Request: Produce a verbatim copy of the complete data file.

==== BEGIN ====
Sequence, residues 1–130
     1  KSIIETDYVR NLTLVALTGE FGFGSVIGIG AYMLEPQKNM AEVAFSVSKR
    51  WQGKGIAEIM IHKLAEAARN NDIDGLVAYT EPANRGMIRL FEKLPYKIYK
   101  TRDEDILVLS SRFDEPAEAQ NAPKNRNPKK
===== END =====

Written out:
Sequence, residues 1–130
     1  KSIIETDYVR NLTLVALTGE FGFGSVIGIG AYMLEPQKNM AEVAFSVSKR
    51  WQGKGIAEIM IHKLAEAARN NDIDGLVAYT EPANRGMIRL FEKLPYKIYK
   101  TRDEDILVLS SRFDEPAEAQ NAPKNRNPKK